RVing Solo Across America’s Wineries
Two-and-a-half years ago I was hit by a truck while riding my bicycle. I survived with only a small amount of nerve damage to my arm where the trucks wheels ran over my arm. How he missed my head, lying only two inches away is for one spiritual practice to say. For me, I got the message to, go and do now.
This past summer I decided I wanted to hit the road in my RV. My criteria was to take six weeks, go to Natchez Trace Parkway and come back home via the Florida panhandle. So this trip was going to be planned in a serendipitous manner—ah the luxury of time and carrying your house with you, like a turtle. Except that I have indoor plumbing and a kitchen. Still, many things came up to delay my departure.
Finally in September, I was ready to go one day after my birthday on September 11. I thought I might be able to see the trees’ leaves turning color along the way.
I learned that for $40 a year, I could park my RV and stay overnight at their facilities for free.
Fortunately for me, a single lady who is a full-time RVer, who I recently met on a list-serve called rvsingles, came traveling through my town of St Augustine, Florida just before I was leaving. She graciously gave me hints and encouragement for being solo on the road. One recommendation was to join Harvest Hosts.
Well, being a chef and a dietitian, my eyes lit up with the possibility of visiting wineries and farms that are the major participants of Harvest Hosts. I learned that for $40 a year, I could park my RV and stay overnight at their facilities for free. Having lived in Northern California, I knew the beauty of wineries and always wanted to “live” on them for awhile. Here was my opportunity.
I left St. Augustine, heading for the central part of the US, first stopping in Atlanta to see family and friends. Then I headed toward Nashville to go to my first winery in Baxter, Tennessee. The beauty of this winery and all others is expansive. To have your vision focus on rows of grapes is relaxing to the soul, especially if you enjoy the juice of the grape. They locked the gate at night so I was safe to roam the vineyards alone with the moonlight lighting up the grapes that were plump and waiting to be picked for this year’s harvest.
The most pleasant of all was the personal connections I got while staying at the farms and wineries; it felt like I was a welcome house guest.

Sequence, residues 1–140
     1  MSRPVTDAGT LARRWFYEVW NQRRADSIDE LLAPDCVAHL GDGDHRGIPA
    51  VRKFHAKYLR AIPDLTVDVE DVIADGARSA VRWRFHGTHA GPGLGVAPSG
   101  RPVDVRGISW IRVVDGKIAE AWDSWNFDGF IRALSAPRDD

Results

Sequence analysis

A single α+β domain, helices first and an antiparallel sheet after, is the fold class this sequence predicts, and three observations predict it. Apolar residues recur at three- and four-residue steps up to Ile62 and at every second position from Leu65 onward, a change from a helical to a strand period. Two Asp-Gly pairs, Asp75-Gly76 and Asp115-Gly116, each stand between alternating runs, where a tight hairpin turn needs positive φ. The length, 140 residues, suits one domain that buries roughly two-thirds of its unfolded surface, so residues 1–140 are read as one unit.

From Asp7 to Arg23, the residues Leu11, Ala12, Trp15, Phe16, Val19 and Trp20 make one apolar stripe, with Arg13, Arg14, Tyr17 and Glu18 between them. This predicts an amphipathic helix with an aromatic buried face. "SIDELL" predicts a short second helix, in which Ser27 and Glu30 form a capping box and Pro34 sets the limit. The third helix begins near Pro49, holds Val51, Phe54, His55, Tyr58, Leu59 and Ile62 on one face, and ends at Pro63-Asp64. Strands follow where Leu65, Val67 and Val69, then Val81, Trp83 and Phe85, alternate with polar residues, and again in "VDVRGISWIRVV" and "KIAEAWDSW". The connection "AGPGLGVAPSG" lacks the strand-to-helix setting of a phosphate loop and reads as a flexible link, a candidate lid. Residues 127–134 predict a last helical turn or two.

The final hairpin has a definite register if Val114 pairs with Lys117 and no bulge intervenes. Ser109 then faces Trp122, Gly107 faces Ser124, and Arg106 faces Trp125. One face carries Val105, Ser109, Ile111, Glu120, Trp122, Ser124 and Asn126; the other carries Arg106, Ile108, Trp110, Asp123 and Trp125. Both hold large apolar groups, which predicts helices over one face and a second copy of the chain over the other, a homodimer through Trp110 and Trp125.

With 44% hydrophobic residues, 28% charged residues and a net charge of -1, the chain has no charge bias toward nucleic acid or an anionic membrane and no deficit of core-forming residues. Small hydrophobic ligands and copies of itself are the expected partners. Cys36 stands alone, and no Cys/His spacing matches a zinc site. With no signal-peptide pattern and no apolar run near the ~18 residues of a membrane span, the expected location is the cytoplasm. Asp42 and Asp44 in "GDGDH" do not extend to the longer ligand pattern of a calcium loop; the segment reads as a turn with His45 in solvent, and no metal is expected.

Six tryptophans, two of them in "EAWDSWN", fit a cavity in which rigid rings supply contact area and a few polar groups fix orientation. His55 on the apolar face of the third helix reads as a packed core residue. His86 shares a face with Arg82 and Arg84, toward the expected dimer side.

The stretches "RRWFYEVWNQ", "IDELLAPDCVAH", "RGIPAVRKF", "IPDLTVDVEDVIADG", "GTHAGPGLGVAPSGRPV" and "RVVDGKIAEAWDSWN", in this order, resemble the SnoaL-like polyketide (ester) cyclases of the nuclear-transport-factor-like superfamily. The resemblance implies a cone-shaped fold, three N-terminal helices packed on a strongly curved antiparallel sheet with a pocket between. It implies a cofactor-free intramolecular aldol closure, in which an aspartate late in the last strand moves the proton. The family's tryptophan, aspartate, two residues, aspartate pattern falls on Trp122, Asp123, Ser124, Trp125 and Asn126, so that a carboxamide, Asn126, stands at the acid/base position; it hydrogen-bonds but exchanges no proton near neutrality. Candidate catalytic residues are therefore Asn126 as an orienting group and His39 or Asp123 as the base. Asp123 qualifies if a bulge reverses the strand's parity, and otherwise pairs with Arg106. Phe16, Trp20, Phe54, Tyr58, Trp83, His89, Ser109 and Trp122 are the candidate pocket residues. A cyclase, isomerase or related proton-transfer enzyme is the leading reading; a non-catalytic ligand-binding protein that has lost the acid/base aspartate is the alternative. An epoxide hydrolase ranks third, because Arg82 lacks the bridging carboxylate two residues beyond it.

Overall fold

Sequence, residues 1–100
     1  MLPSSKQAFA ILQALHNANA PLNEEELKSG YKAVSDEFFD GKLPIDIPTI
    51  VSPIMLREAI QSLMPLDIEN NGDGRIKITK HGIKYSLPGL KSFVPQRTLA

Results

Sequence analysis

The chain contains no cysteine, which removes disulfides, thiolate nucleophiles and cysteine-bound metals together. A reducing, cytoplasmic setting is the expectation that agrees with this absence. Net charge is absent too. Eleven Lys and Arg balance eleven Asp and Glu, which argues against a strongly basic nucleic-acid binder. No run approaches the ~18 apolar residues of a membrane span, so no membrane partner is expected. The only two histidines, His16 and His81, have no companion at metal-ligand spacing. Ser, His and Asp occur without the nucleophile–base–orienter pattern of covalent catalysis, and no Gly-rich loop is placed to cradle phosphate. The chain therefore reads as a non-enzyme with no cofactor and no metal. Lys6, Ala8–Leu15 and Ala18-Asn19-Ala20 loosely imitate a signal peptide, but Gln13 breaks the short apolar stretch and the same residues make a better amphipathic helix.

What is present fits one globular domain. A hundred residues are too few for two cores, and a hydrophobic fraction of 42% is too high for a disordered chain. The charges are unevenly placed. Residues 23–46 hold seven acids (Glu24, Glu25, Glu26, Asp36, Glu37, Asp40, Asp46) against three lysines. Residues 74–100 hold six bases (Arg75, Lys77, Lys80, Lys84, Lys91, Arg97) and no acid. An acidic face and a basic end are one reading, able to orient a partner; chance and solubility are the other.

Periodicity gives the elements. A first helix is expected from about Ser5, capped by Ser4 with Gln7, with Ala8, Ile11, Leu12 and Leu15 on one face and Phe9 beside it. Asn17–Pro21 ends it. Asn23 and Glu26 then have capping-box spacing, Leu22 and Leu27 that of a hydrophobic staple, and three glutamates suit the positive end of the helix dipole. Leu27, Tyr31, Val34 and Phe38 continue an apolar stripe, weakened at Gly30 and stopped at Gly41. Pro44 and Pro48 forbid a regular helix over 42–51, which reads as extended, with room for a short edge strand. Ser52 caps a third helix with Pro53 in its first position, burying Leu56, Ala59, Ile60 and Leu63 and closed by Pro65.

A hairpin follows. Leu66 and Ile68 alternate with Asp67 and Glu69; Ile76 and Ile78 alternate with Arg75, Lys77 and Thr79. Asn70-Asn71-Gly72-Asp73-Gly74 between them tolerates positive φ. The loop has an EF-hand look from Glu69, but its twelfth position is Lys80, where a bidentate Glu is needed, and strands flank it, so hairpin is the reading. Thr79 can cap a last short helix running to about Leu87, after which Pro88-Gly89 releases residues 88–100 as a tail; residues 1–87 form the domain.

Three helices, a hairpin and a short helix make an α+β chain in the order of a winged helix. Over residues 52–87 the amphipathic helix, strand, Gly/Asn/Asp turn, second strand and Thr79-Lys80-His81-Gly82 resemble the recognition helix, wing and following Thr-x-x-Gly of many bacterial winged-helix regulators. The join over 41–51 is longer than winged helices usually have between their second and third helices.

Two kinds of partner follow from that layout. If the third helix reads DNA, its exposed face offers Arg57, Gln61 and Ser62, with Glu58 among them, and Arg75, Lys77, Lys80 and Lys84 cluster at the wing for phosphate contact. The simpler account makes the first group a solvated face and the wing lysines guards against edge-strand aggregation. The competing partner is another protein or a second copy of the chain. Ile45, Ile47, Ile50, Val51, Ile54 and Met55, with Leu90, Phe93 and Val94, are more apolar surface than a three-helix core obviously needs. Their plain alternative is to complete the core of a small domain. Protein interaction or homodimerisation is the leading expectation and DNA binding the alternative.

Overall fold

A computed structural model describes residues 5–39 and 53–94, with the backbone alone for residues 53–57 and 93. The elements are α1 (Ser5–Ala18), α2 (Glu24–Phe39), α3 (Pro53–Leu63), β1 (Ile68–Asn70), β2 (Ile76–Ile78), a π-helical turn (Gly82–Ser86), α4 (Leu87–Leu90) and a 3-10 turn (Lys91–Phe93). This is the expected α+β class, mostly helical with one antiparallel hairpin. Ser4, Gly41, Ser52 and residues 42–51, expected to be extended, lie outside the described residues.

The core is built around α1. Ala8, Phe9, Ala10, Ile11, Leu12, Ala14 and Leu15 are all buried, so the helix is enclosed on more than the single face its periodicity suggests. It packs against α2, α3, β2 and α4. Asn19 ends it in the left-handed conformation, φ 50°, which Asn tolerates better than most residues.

I continued on to Kentucky where I met up with a woman who put her notice out that she was looking for travel partners. She and I sat with maps, so we could figure out a route for me. We outlined a plan that would take me through Missouri, Southern Indiana, Arkansas, Mississippi, Alabama, and back to Florida. This would take me through the Ozarks. I envisioned music and crafts. Then I coordinated my travel using maps to Harvest Host’s wineries and farms.
I parked at beautiful state parks, national recreation sites with lakes to kayak, as well as RV parks. I stopped in Branson, Missouri to hear an acapela group, stopped at a local crafts museums and hiked in the mountains and through paths that locals as well as Native Americans had roamed. The most pleasant of all was the personal connections I got while staying at the farms and wineries; it felt like I was a welcome house guest.
Besides the personal attention, I was able to do wine tastings, pick vegetables in the fields, or purchase them. At one farm I woke up early and fed the animals. At one winery, Chandler Hill, outside of St. Louis, they asked if I wanted to help pick grapes the next morning. I gladly said yes! We picked grapes that were treated with a natural pesticide that was so new they were testing it to see if the yield of the grape harvest was also increased. It was! The company has since sent me samples to pass out on my next adventure. Every day was filled with such joy.
Because I was traveling alone, people seemed to reach out and help and offer their time and companionship with so much warmth and pleasantness.
When I went to the welcome center upon entering Kentucky, I was told there was going to be a Bourbon festival in Bardstown. So I thought about it for one minute and said, “Yes, I want to go.” I called the Chamber of Commerce and asked them where I could park my RV. I was given great directions and parked in a neighborhood on the street. It was fun eating bourbon popcorn, cakes, nuts and even drinking it while seeing how it was made. This is the beauty of making decisions on your own….you grab onto whatever comes your way.
I felt safe everywhere and being a single woman traveling alone gave me opportunities to meet people, be invited into their homes and receive praise and support for making this journey, especially from other women.
Each place offered something fun to see and do. Because I was traveling alone, people seemed to reach out and help and offer their time and companionship with so much warmth and pleasantness.
This week I am headed to glacier National Park–a bit of a more ambitious drive.